Frasier said the Board of Review’s latest filing upholding and supporting their previous decision will now be reviewed by Judge Steidley.

“Except now there’s new grounds," Frasier said. “The new grounds are that they go back with a decision from a four-man board when there was a four-man, one-woman board…We’re going to argue that’s a denial of due process, just like the movie ‘Twelve Angry Men.’ It’s kind of like they compounded a felony."

Anderson is asking to be reinstated to his position as Chief of Police of Miami, back pay, and other recourse, according to Frasier.

“You can only push so far so fast,” Frasier said of the lengthy appeal process of the Review Board decision. “The next step is if District Judge Steidley ever makes a decision, then if it’s adverse to Gary, we’ll then take it on up to the appellate court, and probably make some allegation about a denial of due process by virtue of the extended and unnecessary delay.”

Frasier said he has also requested voir dire, or preliminary examination, of the board members.

“The chairman of the board in the last two and a half years has done a large amount of business with the City of Miami,” Frasier said. “They wouldn’t let me ask any questions about it. I put on the record in the appeal my exhibit showing that it seemed like it was $60,000 to $70,000 worth of business he’d done with the City. That’s kind of interesting. How are you going to get a fair and impartial trial when one of the members is dependent on the City? I would say citizens of Miami need to wake up and pull your head out of your proverbial pocket.”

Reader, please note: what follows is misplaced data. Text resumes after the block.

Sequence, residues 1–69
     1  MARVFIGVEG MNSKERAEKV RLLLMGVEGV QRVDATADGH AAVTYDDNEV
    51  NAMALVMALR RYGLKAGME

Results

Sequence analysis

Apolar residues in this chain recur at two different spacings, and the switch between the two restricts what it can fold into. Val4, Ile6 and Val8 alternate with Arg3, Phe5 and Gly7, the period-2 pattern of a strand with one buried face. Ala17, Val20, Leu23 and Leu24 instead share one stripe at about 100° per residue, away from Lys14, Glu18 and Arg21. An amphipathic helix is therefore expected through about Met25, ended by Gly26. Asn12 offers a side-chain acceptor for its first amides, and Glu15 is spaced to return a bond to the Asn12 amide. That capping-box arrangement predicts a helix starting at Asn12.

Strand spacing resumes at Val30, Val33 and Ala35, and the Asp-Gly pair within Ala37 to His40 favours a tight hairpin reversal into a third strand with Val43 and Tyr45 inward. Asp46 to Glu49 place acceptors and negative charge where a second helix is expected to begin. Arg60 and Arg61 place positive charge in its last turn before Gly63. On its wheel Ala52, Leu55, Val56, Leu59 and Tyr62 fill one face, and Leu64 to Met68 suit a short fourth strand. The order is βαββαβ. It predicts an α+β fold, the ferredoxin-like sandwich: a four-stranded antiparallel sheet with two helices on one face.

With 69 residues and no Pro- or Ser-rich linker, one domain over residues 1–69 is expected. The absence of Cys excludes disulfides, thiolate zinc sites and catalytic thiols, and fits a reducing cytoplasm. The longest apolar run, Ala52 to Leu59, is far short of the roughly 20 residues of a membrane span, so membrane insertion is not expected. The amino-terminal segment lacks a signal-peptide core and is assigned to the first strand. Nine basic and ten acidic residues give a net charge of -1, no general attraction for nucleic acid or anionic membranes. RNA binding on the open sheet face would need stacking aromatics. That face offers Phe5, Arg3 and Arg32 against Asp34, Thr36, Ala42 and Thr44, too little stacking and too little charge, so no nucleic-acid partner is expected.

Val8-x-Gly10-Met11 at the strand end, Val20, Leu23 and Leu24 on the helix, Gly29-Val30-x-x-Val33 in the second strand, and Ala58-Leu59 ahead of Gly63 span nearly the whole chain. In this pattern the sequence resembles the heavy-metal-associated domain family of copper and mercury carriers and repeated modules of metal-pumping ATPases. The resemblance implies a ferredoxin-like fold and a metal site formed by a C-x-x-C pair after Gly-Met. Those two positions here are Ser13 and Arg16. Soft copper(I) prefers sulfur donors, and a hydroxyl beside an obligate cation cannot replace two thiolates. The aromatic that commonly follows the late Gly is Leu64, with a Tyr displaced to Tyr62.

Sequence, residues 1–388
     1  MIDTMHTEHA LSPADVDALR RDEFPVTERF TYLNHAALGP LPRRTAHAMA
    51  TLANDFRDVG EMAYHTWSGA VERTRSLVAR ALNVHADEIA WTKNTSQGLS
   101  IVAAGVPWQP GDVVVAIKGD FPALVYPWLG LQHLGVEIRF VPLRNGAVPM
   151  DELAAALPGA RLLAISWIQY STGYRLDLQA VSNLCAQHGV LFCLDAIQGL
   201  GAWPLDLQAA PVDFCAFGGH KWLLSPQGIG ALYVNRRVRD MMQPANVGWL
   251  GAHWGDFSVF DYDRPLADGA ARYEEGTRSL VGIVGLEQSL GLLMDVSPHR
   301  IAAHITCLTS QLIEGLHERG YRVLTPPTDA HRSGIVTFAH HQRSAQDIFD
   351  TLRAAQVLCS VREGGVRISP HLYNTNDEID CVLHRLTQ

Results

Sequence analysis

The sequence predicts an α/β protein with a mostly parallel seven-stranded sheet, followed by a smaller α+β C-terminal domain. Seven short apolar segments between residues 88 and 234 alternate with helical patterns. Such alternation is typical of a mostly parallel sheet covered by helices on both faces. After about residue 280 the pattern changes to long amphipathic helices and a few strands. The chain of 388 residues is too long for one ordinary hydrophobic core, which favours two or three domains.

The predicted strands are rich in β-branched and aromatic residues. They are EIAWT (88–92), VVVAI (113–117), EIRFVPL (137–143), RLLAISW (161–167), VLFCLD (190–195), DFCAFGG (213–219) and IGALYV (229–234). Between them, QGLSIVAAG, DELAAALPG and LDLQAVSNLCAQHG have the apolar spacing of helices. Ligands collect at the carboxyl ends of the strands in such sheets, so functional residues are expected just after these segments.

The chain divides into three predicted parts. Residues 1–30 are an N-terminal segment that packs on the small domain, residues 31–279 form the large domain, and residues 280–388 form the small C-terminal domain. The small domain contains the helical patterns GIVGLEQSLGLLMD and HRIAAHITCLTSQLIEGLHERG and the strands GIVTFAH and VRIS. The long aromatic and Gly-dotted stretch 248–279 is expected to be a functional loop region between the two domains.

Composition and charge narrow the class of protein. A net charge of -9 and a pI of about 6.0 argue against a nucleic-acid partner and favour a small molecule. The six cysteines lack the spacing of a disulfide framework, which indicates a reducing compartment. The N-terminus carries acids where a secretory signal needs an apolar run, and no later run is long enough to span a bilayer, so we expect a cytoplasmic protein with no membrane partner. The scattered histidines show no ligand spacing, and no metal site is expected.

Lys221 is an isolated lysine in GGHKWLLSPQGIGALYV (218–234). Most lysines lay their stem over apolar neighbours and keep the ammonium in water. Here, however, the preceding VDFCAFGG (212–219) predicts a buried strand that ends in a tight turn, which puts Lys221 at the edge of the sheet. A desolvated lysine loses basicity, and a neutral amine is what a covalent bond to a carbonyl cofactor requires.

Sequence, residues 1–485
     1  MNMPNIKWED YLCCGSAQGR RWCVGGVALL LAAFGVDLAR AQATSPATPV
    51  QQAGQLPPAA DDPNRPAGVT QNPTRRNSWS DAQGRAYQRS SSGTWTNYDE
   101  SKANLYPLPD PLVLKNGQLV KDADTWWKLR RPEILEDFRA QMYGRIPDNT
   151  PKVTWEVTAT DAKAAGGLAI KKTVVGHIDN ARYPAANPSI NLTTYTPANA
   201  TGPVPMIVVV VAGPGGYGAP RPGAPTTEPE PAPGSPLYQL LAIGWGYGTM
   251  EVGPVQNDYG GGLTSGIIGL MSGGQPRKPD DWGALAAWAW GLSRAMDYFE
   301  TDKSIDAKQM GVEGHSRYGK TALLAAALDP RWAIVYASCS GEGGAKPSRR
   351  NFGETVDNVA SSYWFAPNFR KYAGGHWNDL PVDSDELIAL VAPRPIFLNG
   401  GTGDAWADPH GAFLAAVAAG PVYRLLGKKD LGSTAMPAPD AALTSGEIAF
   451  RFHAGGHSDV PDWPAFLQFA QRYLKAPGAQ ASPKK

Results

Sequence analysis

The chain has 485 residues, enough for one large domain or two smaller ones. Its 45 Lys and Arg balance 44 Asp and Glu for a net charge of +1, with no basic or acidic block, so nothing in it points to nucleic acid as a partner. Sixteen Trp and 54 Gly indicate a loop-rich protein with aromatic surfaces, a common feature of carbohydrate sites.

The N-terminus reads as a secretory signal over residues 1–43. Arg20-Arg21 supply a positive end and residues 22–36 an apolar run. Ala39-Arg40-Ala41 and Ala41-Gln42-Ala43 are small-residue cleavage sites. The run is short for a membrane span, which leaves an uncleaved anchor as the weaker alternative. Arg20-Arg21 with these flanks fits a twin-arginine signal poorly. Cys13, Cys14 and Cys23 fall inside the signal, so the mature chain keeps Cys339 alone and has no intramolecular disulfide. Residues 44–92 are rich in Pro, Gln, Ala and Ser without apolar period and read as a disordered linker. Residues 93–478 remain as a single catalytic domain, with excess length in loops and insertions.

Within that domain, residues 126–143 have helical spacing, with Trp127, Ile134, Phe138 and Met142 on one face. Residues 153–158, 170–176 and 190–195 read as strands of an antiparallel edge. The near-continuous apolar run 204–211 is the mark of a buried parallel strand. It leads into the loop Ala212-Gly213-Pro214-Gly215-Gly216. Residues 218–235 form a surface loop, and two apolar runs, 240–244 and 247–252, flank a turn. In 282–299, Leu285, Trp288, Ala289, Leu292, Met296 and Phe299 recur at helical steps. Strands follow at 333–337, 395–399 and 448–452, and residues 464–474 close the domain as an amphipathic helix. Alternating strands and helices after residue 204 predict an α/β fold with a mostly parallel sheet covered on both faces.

Frasier is referring to Review Board Chair Scott Trussler, once a Miami City Councilman, who owns Trussler Service Company.

“Here it is five years into the process litigating things that were 10 years old at the time they litigated the first time. It’s absurd,” Frasier said.

Review Board’s findings

In 2012, then City Attorney David Anderson and special counsel for the City of Miami, attorney Tony Puckett, defended Long's decision.

The Review Board’s Chair Trussler read a statement at the conclusion of the June 11, 2012 Review Board hearing that read in part, “Item one, the evidence we were presented establishes that Chief Anderson was provided and given notice of grounds to be considered by the city manager and an opportunity to be heard on those grounds prior to any action being taken.

“Item two, Chief Anderson was a member of the Miami Police Department from May 1972 to Feb. 15, 2011. He served as chief of the department since 1995.”

“Item three, the board finds that good cause was shown for dismissal.”

“Item four, because of the amount of testimony and the arguments of counsel over the methodology used in developing the raw data to form the basis of the morale study/investigation, the board states for the record that there was sufficient sworn testimony to establish cause for the dismissal without the consideration of city's exhibit four. This evidence was admitted to provide a complete record on appeal and was not used as a basis for cause.”